In my last blog I looked a People Related Classic Mistakes from
Rapid Development: Taming Wild Software Schedules
by Steve McConnell, which although it’s now been around for at least 10 years, and times have changed, is still as relevant today as when it was written.
As Steve’s book states, classic mistakes are
mistakes because they’re mistakes that are made so often and by so many people. They have predictably bad results and, when you know them, they stick out like a sore thumb and the idea behind listing them here is that, once you know them, you can spot them and hopefully do something to remedy their effect.
Classic mistakes can be divided in to four types:
- People Related Mistakes
- Process Related Mistakes
- Product Related Mistakes
- Technology Related Mistakes
Today’s blog takes a quick look at the second of Steve’s categories of mistakes: Process Related Mistakes, which include:
- Overly Optimistic Schedules
- Insufficient Risk Management
- Contractor Failure
- Insufficient Planning
- Abandonment of Planning Under Pressure
- Wasted Time During Fuzzy Front End
- Short-changed Upstream Activities
- Inadequate Design
- Shortchanged QA
- Insufficient Management Controls
- Premature or Overly Frequent Convergence
- Omitting Necessary Tasks from Estimates
- Planning to Catch Up Later
- Code Like Hell Programming
Overly Optimistic Schedules
Related to Wishful Thinking. Setting an overly optimistic schedule sets a project up for failure by under-scoping the project, short cutting requirements analysis and testing and failing to appreciate some of the most important development activities. It is a failure to recognise that software takes time to develop. This also has a detrimental affect on staff morale and productivity.
Insufficient Risk Management
If you don’t manage risks then only one thing has to go wrong to throw your project in to the gutter. Failure to plan for catastrophe and manage risk is a classic mistake.
Contractors frequently deliver work that is late, of low quality and fails to meet specifications - despite the fact that they’re frequently used and well paid! Unstable or ill-defined requirements or interfaces are magnified when a contractor is used. Manage the contractor relationship carefully or else contractors can slow a project down rather than speed it up.
If you don’t plan to produce good software then how can you produce it.
Abandonment of Planning Under Pressure
Project teams make plans and then abandon them under pressure - like when they run into schedule trouble. The problem is that plans need to change and adapt. Failing to make new plans and dropping into "Code and Fix" mode is common.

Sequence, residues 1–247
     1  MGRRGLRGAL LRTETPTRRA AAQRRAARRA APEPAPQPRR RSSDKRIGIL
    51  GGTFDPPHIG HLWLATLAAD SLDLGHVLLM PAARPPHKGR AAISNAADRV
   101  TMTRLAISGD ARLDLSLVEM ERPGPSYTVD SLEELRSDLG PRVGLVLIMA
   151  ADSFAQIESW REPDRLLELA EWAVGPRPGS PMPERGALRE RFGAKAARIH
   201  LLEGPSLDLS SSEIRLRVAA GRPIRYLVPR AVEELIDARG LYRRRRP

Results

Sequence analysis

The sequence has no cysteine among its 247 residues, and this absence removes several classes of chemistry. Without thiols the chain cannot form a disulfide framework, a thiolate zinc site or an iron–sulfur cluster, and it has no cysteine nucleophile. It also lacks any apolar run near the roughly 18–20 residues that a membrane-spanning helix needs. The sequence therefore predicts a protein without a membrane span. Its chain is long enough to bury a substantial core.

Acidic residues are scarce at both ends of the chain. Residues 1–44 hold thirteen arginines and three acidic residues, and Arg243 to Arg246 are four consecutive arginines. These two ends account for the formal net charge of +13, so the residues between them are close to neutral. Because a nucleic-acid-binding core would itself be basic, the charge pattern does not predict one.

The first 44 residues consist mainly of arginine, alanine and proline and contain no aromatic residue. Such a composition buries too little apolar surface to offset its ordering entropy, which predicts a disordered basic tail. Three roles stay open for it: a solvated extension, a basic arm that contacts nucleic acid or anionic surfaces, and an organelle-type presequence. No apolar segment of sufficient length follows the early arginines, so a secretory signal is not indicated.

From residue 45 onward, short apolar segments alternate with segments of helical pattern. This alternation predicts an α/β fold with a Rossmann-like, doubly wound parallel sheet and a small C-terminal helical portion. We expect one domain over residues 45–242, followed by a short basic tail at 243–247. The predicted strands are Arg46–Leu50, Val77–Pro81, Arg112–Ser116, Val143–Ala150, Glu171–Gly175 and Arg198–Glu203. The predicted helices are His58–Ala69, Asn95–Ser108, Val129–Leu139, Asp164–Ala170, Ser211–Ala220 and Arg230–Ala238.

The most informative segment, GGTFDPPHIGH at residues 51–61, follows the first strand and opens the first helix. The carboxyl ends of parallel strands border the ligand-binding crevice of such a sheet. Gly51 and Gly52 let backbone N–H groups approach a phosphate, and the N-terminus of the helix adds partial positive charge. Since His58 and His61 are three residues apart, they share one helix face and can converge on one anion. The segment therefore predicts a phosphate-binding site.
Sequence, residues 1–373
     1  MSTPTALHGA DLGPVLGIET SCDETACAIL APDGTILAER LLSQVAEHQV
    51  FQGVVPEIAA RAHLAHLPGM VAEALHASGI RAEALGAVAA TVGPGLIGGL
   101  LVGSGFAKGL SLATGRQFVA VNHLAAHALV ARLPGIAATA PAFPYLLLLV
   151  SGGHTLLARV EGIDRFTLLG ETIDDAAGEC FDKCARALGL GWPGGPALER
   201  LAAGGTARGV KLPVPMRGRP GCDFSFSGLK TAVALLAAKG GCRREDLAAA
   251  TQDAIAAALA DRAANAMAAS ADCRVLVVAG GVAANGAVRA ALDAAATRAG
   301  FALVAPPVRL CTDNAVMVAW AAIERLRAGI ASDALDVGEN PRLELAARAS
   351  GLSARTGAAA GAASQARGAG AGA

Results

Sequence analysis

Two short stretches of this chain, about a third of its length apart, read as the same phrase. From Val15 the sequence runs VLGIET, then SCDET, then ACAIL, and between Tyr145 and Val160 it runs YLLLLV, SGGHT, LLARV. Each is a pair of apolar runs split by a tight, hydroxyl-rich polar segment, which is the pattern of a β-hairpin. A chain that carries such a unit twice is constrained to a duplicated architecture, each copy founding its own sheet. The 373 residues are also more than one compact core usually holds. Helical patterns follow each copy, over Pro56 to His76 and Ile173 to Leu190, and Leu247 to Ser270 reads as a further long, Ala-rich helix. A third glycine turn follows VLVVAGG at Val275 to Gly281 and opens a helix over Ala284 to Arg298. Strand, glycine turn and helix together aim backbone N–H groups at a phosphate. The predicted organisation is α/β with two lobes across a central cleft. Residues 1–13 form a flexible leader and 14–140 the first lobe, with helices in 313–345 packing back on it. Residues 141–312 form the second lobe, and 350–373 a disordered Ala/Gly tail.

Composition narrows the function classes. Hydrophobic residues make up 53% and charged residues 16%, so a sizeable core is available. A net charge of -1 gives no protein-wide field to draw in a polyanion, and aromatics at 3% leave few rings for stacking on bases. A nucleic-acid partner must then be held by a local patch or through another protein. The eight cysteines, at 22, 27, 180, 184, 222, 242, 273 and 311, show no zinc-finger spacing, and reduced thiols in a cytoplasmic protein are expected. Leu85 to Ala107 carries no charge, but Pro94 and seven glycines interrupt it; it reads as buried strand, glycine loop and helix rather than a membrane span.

Wasted Time During Fuzzy Front End
This is the time normally spent before a project commences, seeking approval and budgeting. Keep this stage short and intense saving your self time that can be used later when the project is under way.
Shortchanged Upstream Activities
Don’t skimp on activities that don’t directly produce code such as Requirements analysis, architecture and design. Do not "jump into coding", fixing bugs later in a project is ten times more costly in terms of time than doing it right in the first place.
A special case of the above - some people just don’t do design, they go straight into coding.
Projects in a hurry often miss out QA. This includes eliminating design, coding reviews, test planning and performing only very basic testing. Short cutting 1 days QA will cost you 3 to 10 days later.
Insufficient Management Controls
Controls are needed to provide timely warnings of impeding schedule slips and other problems. Often controls are abandoned when trouble occurs.
Premature or Overly Frequent Convergence
Tying together all the various bits of the project to make a product (e.g. documentation, code modules and installation program) either too often or too early in the project life cycle can waste time and effort.
Omitting Necessary Tasks from Estimates
People don’t keep records from previous project, they forget about the less visible tasks. These tasks add up. Omitted effort from the original estimate adds up to 20 to 30 percent of a development schedule.
Planning to Catch Up Later
When late many projects simply plan to catch up later, but they never do. Re-estimated schedules need to reflect slips and lessons learned in building the product. They also need to reflect changes in the requirements specification. If a new function point is added that requires 3 weeks development, then the schedule slips by 3 weeks.
Code Like Hell Programming
Or code and fix programming. It is often thought that once a loose requirements specification is defined then well motivated developers can overcome any obstacle using fast loose code as you go techniques.